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Klaw, Marc Alonzo (29 May 1858–14 June 1936), theatrical entrepreneur and producer, was born in Paducah, Kentucky, the son of Leopold Klaw and Caroline K. Blumgart. He moved with his widowed mother to Louisville when he was five. There he attended both elementary and public high school, after which he received his law degree from Louisville Law School in 1879. Although he practiced law for a while, his primary interest was in theater; he was for a time the dramatic editor of the Louisville ...

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Maney, Richard (11 June 1891–30 June 1968), theatrical press agent, was born in Chinook, Montana, the son of John Maney and Elizabeth Bohen, farmers and ranchers. Maney spent his early childhood in a four-room log house three miles outside of Chinook, where he and his sister Loretta had regular household chores but were packed off to school every day by parents who, though not formally educated themselves, determined that their children would be....

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Elisabeth Marbury. Reproduction of a painting by William Rankin, 1933. Courtesy of the Library of Congress (LC-USZ62-113318).

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Marbury, Elisabeth (19 June 1856–22 January 1933), agent and theatrical producer, was born in New York City, the daughter of Francis Ferdinand Marbury, a prominent admiralty attorney, and Elizabeth McCoun. She attended private schools, but her most important education came in her father’s office, where she read Blackstone’s ...

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Redpath, James (24 August 1833–10 February 1891), journalist and entertainment impresario, was born in Berwick-on-Tweed, Scotland, the son of Ninian Davidson Redpath, a teacher, and Maria Main. After being educated in his father’s academy, Redpath emigrated with his family to the United States in 1849 and soon found work as a reporter for ...

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Stein, Jules Caesar (26 April 1896–29 April 1981), entertainment executive and physician, was born in South Bend, Indiana, the son of Louis M. Stein and Rosa Cohen. His extraordinary achievements began in the classroom. A student at West Virginia University while still in his early teens, he graduated from the University of Chicago at the age of nineteen. His medical degree was earned at Rush Medical College, Chicago, in 1921. He acquired a specialty in ophthalmology at the Eye Clinic of the University of Vienna and first practiced this as chief resident in ophthalmology at Cook County Hospital in Chicago and subsequently in an affiliation with Dr. Harry Gradle, also of Chicago. His depth of knowledge is revealed in “Telescopic Spectacles and Magnifiers as Aids to Poor Vision” (1924), which quickly became the definitive manual in this specialty....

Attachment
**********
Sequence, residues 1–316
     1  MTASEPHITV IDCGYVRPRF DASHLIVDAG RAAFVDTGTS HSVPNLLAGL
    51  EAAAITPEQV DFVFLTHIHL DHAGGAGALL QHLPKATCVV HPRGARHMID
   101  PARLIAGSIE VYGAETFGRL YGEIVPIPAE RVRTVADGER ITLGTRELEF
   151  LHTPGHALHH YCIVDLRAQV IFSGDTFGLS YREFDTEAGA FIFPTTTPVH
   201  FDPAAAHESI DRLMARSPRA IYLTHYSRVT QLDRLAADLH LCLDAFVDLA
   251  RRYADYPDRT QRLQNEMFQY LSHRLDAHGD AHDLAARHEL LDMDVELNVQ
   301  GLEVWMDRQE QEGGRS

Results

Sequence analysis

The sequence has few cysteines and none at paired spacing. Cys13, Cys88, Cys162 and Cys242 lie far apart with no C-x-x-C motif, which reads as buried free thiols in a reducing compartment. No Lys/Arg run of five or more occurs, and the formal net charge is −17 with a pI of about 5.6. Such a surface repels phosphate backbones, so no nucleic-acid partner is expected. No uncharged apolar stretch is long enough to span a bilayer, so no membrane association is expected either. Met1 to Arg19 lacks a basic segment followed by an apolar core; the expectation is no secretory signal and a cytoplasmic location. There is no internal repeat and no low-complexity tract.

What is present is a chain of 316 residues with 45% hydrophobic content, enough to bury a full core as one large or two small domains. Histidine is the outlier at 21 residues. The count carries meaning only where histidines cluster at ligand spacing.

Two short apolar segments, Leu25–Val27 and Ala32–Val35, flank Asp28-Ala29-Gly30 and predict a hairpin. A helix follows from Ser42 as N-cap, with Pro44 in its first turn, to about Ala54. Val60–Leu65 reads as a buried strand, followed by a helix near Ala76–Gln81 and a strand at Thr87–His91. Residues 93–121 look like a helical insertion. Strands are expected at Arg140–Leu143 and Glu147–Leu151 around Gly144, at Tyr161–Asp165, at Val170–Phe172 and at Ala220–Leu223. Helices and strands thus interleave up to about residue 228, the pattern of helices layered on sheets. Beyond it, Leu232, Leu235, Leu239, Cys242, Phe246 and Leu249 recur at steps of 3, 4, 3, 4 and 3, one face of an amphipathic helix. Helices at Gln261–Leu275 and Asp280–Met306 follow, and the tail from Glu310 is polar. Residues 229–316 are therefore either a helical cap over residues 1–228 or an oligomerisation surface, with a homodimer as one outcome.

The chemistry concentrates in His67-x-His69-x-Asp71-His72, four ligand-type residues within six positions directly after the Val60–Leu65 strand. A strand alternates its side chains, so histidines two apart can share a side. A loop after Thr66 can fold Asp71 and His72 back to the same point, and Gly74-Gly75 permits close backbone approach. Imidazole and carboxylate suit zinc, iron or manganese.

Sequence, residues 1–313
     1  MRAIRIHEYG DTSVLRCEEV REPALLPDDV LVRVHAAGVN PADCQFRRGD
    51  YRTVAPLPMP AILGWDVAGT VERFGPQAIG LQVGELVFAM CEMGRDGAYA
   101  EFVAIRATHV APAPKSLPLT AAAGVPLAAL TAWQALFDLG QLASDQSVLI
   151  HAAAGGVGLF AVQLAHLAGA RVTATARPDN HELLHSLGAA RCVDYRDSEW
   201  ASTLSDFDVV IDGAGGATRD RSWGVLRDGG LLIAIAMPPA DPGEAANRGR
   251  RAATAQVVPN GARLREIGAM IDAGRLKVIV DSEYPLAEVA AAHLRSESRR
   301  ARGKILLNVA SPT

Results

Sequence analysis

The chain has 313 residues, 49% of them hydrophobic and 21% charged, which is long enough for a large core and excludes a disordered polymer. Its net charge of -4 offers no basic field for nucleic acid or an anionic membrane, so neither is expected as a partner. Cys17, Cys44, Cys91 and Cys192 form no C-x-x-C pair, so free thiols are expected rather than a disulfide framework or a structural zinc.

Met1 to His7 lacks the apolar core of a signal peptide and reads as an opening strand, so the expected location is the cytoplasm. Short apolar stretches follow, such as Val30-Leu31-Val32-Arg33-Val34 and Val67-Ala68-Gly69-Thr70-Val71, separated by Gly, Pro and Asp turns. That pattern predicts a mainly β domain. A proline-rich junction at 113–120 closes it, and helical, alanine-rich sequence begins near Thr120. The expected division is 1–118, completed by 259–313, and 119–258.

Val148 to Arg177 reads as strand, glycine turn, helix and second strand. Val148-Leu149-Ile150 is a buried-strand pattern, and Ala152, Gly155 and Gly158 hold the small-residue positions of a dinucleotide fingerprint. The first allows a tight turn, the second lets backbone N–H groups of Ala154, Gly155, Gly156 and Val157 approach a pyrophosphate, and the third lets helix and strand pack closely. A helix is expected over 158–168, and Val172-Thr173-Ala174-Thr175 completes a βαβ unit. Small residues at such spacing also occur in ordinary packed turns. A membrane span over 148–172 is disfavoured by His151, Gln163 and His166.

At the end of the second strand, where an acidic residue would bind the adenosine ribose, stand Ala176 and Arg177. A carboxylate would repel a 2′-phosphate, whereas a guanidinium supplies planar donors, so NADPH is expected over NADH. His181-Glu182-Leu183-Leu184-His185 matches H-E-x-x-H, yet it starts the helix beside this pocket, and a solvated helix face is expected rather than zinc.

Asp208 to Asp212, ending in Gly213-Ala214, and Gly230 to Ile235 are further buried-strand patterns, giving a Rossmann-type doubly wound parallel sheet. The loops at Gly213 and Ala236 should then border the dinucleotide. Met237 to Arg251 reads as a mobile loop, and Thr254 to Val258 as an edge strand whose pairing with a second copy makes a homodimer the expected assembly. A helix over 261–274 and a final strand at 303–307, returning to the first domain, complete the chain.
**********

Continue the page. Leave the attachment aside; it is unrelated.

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Wikoff, Henry (1811?–28 April 1884), author, publisher, and impresario, , kept the secret of his birthdate and parentage throughout his life. His guardian, Samuel Price Wetherwill, may have been his father; some contemporary accounts claimed he was the son of a Philadelphia doctor also named Henry Wikoff. Whatever the circumstances of his birth, money was available to provide Wikoff with a good education. He entered Yale in 1827 but was dismissed before he graduated. He eventually graduated from Union College in 1832. He also studied law and was admitted to the Pennsylvania bar in 1834....